Akerbeltz Alba wrote: >
> John Babcock-ek idatzi du:
> > In the case of the Chinese script too, it is possible to fall back into a grapheme-by-grapheme reading mode for a large majority of individual graphs -- perhaps more than 70% of the more than 50,000 graphs -- where the phonetic hemigram may be distinguished from the other, purely semantic hemigram, and which conveys at least roughly, the sound, and thus the
> Not true on the first account and not quite on the second. I can only speak for Cantonese, but since cantonese has a smaller number of homophones, I doubt that the situation could be any better in Mandarin ...
Less than approximately 500 (probably more like 300) of the
entire repertoire of more than 50,000 Chinese graphs are
'wen', that is non-decomposable 'holograms'. With these, you
either know them or you don't. For these it is indeed not
possible to use any kind of analysis to assist in
understanding their meaning (except, perhaps, an educated
guess as to what the pictogram (zogram) depicts for most of
these, or, for the handful for zhishi graphs, ('dactyliograms'
and the only true 'ideograms' per se, in Chinese) an educated
guess as to what the
symbol means.) So, in the case of the 'wen' it is not possible
to fall back to a a grapheme-by-grapheme analysis because
there is only one 'grapheme', the entire graph itself. On the
other hand, all non-'wen' graphs are 'zi', ('tmetagrams' in
the late Professor Boodberg's hybrid vocabulary), that is,
they can be decomposed into two hemigrams, and the majority of
these 'zi' are phonograms, 'xiesheng' graphs, where one half
of the graph is a phonetic hemigram, conveying _phonetic_
information. How you read that phonetic hemigram together
with its adjacent semantic signal, the semantic hemigram which
helps point to the underlying word, will depend on the time
and place and etymological consciousness of the reader. As a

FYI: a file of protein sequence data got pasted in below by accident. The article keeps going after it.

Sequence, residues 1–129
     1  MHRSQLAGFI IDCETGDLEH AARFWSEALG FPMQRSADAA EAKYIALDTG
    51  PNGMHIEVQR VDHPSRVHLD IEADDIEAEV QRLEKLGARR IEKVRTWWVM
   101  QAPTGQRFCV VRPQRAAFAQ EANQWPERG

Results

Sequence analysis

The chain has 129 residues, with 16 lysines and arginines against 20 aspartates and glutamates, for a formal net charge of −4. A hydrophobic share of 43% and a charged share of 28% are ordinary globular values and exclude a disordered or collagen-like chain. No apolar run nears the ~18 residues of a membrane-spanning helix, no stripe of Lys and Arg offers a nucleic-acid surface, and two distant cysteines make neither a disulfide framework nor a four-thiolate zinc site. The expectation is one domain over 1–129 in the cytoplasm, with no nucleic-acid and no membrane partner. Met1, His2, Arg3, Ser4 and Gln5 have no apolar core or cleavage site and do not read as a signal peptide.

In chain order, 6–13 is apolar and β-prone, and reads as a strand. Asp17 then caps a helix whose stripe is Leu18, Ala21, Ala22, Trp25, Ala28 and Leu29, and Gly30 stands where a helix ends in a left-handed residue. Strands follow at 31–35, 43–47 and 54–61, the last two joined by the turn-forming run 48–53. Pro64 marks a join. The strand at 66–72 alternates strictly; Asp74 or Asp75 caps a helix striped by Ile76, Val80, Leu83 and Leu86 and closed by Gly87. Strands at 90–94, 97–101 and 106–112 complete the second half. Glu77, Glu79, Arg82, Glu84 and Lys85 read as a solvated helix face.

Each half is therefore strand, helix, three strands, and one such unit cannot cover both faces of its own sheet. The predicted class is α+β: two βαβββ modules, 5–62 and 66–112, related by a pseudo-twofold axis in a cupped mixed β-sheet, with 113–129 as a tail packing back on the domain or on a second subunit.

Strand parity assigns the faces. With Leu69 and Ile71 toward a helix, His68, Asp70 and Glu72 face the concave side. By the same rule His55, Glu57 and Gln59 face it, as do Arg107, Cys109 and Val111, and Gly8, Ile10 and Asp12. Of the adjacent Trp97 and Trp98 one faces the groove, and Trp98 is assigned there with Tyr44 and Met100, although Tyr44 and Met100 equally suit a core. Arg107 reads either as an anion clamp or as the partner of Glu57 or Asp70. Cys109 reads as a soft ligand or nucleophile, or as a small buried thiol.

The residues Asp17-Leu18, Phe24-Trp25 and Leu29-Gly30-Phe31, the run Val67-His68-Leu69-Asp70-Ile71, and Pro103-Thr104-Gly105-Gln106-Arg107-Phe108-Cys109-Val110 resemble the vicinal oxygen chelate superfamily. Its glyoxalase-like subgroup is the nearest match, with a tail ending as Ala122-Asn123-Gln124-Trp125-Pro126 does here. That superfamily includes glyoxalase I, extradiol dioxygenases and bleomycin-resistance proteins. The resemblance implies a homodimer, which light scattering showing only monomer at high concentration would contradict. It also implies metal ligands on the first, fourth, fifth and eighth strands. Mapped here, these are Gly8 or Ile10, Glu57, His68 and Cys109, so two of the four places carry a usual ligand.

reader of Cantonese, you would be in a better position to
exact some, _rough_ idea as what the word behind the graph is
than a Mandarin reader, as you imply.
This basic analysis of the Chinese script was presented
already quite well in about 90 AD by Xu Shen in the famous
_Shuo wen jie zi_ dictionary which may be rather literally
translated as: 'Pronouncing the wen and and disecting the zi'
in which he analyses about 9000 graphs.
The 'fan-qie' system of indicating the reading (pronunciation)
is, like the transliteration systems you also mention, one way
of indicating more precisely the reading of a graph and as
such, they serve as one of several main sources for the
reconstruction of ancient and archaic Chinese words. They are
a good example of an application of the results of a 'fall
back' method of close reading of individual graphs.
> On the second point, I doubt that the number of characters
> whose pronounciation (at least in cantonese) can be derived
> from the phonetic component is anywhere near 70% ...
I still maintain that the 'xiesheng' graphs compose 70% or
more of the entire repertoire of Chinese graphs and that the
pronunciation can be derived primarily from their phonetic
hemigrams. But I will check my sources for a more exact
I have just today been made aware of the Ideographic
Description Characters coming out in Unicode 3.0 and I am
going to study that.
-- Jon Babcock <firstname.lastname@example.org>
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